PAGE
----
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Serah Blain

Thank you so much for writing about this. As an open atheist who volunteers in the hospice community, I get calls and emails all the time from nontheists facing death or who are grieving a loss and who need support--and there are so few resources on this for nontheists. That is, fortunately, changing. I've been thrilled to see death being addressed articulately and honestly by more and more writers and speakers in the nontheistic movement...and it makes an immense difference for people facing end-of-life issues to be able to find words that really resonate with the intense reality of dying and grief. So thank you again for this post; it will be deeply meaningful to many, many people.


I come from a large (12 siblings) Catholic family. When my wife died three years ago, I received all kinds of religious expressions of comfort from my family and from hers. I wrote in reply to my sister who is a nun,

I am comforted by the recognition that you care, however you express it. Some others are a bit more aggressive in their expressions, and try to convince me that Ruth is still here loving us as before. This is a kindly meant cruelty, because I am persuaded that this is not the case. To me it is like someone pointing to a child’s mother lying in the coffin and telling the child that the mother is only sleeping.

Just as it is difficult to express oneself in anything by English, when one has grown up with that language, so it is difficult to express oneself in anything but "Catholic" when one has grown up with that language. Difficult, but not impossible.


I think, when you strip away all the rhetoric, that most (not all, though) human beings deal with grief best by being in community with each other. It makes perfect sense that atheists would need a community sensitive to their needs, and its heart breaking that people of religious beliefs do not respect that. I think its a myth that religious people, particularly Christians deal with grief better than atheists, because all too often the church DENIES them true grief. I *DON'T CARE* if your belief systems say you'll see each other again, the loss in the moment is devastating. And all too often, the church judges and damns individuals who are torn to pieces by loss as not having enough faith. This is simply not true. It is one of the great weaknesses of the church - the denial of many human emotions and experiences to enforce incorrect concepts of human behavior. I would much rather see honest grief, be it atheist, Christian or any other take on human existence, rather than the numb stunned expressions and isolation in the faces of those who believe - and yet are denied the humanity of their grief and pain by misinterpreted religious doctrine. My two cents, I guess.

P Smith

I don't want to suggest an atheist-run group isn't needed or wanted, but I think insensitivity is a bigger problem than religion in regard to this. The religious are insensitive to the non-religious, and attempt to impose their filth where it's not wanted.

Here are two similar situation I've heard of in the past:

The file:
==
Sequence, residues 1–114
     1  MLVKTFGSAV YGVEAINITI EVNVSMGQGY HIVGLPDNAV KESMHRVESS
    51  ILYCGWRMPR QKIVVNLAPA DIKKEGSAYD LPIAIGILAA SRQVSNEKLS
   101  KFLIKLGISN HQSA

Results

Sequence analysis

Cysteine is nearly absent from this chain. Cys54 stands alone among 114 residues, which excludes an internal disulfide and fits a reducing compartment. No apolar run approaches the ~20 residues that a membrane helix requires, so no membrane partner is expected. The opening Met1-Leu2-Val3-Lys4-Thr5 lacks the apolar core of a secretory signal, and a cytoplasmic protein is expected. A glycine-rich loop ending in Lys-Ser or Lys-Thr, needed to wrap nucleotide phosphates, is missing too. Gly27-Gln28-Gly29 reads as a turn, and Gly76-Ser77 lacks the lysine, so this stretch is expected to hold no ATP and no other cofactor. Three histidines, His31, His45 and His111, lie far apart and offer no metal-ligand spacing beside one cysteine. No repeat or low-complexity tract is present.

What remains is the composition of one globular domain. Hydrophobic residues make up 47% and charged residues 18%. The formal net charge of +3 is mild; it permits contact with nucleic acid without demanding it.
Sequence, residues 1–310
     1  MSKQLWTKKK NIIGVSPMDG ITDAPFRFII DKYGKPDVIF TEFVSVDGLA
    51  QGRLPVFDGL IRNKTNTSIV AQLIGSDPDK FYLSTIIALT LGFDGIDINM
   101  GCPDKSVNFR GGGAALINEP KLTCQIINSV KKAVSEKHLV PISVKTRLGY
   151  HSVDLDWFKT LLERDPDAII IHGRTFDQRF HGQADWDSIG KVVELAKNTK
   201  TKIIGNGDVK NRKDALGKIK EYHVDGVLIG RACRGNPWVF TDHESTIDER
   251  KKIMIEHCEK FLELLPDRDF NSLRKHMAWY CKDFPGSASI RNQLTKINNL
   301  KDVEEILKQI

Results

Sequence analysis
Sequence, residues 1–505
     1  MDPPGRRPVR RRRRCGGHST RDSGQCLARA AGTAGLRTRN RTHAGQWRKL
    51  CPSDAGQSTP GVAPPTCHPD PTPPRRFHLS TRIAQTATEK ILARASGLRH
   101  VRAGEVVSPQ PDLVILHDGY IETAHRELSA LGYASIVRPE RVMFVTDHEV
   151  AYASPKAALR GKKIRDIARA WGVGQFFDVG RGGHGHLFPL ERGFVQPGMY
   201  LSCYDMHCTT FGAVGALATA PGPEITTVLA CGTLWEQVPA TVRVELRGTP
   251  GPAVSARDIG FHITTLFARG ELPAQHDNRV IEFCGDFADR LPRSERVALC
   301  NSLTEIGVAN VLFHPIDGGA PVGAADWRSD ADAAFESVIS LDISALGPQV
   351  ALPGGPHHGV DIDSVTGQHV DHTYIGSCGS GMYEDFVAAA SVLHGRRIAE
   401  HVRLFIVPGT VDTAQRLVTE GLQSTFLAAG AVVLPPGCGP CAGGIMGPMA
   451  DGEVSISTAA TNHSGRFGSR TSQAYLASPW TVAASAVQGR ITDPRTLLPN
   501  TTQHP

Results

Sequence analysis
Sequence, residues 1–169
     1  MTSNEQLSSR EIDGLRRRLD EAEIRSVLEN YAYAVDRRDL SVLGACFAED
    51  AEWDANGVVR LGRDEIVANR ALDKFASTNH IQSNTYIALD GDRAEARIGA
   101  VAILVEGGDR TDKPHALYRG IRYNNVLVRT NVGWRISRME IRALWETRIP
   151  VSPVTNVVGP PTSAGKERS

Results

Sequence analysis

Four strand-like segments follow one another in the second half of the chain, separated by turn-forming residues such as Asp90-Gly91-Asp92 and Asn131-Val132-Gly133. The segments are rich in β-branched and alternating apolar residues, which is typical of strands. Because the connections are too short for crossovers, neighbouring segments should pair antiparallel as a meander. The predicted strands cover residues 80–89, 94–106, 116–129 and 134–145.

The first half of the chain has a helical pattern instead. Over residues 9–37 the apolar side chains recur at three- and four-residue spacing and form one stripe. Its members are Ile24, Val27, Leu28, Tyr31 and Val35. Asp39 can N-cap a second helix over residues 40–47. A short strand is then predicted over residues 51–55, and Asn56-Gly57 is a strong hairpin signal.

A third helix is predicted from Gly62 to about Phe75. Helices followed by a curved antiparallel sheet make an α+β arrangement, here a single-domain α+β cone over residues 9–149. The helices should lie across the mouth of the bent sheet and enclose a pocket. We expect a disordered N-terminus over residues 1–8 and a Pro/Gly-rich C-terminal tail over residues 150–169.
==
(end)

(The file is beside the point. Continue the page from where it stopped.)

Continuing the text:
- I read once in an Ann Landers column of a woman complaining how a catholic priest behaved after her bedridden father died. The priest said during the funeral that the man was "burning in hell" because he didn't attend the church every Sunday (never mind the fact that he couldn't move...). The priest was more worried about attendance and money on the plate than the feelings of the family.

- On a CBC radio documentary about infertility and difficulties in childbirth, I heard how people will say "You can always have another one" as if a new child will "replace" one that died. A woman on the same documentary told of a radio DJ on Mother's Day playing Carole King's "It's Too Late" after she requested a song for women who couldn't have kids. I suspect that's the last song any woman would want to hear after losing a kid or learning that she can't have any.

As for myself, when someone I know is grieving over a friend or family member, I usually tell them:

"The pain is a good thing. It's a sign of how much you liked/loved the person.

In time, your pain can be turned into good memories. If you didn't feel pain now, it would only turn into regret."


Dean Allemang

Your writing is usually insightful and inspirational, but in this piece you really outdid yourself - you hit so many nails square on the head! Especially pertinent for me is the point about how religious thoughts about death are quite disturbing, if you think about them at all carefully. I would go so far as to say that the reason I am an atheist is that every religious thought I have heard about death is too disturbing to embrace - even too disturbing to pretend to embrace.

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My father died at the end of July. Unexpectedly at 59, he simply died in his favorite chair. Reflexively I started making comments on social sites to my family to comfort them with religion. But, I have been a closeted atheist for almost a decade....maybe more. My close friends know but I simply value the bond with my family more than the fights of telling them my belief. But these past two weeks have been particularly hard as a part of me yearns for the early days when believing was 2nd nature, and I did not feel like a lier when I lowered my head for prayers....and yes, more than once I have wanted to scream at people telling me they're just so sure dad is in heaven right now happier than ever.

I feel badly for those in my position, as I really do feel alone. Piles of religious cards, sentiments...coping mechanisms of folks I love who don't actually know me.

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